A native of Lake County, Tanner took a degree in chemistry from San Jose State University in 1976.
She worked for a few years in the air pollution industry.
My new career was born."Given that beginning, it is no surprise that Tanner has consistently taken the road less traveled, or maybe the road not even on the map.
After working for a few years at Firestone Winery in Santa Barbara County, she started her own company in 1984.
Hanzell owns 42 acres of vines and all wines are grown, produced and bottled on the property, a rare example of a completely estate winery in the European sense of the word.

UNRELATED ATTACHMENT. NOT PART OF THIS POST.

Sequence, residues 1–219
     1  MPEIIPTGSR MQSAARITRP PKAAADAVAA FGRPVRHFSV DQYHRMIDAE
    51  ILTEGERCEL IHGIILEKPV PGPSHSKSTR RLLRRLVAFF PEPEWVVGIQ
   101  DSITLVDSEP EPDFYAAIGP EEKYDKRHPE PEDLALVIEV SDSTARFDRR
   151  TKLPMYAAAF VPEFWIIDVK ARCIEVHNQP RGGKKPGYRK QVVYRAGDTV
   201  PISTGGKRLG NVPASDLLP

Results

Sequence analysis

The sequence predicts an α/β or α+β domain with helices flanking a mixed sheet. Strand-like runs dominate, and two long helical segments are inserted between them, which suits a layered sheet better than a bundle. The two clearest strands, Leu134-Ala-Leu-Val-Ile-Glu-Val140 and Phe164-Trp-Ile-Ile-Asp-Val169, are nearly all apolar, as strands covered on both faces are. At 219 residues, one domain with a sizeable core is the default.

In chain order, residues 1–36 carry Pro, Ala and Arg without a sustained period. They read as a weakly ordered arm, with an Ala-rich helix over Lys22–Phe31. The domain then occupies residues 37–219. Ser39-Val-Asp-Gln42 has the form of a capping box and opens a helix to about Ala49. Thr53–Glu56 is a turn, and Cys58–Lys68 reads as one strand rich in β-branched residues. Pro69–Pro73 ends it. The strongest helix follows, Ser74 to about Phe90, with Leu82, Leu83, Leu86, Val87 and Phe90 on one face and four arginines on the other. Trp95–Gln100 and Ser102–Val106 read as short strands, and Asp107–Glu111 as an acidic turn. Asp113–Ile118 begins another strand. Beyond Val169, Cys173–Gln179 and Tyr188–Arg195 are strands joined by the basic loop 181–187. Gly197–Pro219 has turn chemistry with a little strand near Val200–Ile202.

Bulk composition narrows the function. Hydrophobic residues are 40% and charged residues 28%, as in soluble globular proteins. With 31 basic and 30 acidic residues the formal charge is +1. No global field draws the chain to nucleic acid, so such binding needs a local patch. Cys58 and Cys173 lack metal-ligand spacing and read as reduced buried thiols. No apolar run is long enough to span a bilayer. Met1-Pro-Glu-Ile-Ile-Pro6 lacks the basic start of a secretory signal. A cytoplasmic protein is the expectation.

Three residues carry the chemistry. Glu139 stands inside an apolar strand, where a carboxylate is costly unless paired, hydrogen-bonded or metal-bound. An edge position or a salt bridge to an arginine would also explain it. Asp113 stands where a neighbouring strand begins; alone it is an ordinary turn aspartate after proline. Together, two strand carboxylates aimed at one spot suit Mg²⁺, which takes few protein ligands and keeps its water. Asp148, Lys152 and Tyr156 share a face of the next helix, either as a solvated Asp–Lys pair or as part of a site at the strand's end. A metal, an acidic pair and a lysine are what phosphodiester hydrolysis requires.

Asked what particular issues with viticulture and wine production come with the territory of being a boutique producer, Arnold said: "The issues with viticulture and production with our size is that everything is done either by hand or in small-production scale.The 'Hanzell Way' is a long-term, slow-to-change, careful observation-over-generations approach.I have inherited this approach here, and also the absolute commitment to quality at the highest level for growing flavorful grapes and exquisite winemaking.The common wisdom in the wine industry these days is that the big producers are going to keep getting bigger by gulping down the mid-size producers.But if you are a small producer and do it right, it's possible to survive and even thrive in the wine market.Some call them artisan, but the most commonly used term is boutique.The question of size, in terms of case production, also comes up. There are other considerations, of course, such as whether or not the owner is directly involved in the winemaking and marketing process and where the grapes are sourced.So costs are very high for the intensive needlepoint farming vine-by-vine, to winemaking block-by-block to barrel-by-barrel lot." On the issue of costs, Arnold said if one has a short-term view of gross profit margins or short-term return on investment, he should get out of the business."We have a very long-term approach adopted by our young owner with support of his business trustees.That ended in 1980, when she found herself stationed in Glendive, Mont. Back in Lake County, she took a "temp" job on the bottling line at Konocti Winery.When they found out she was a chemist, they asked her to do some lab work.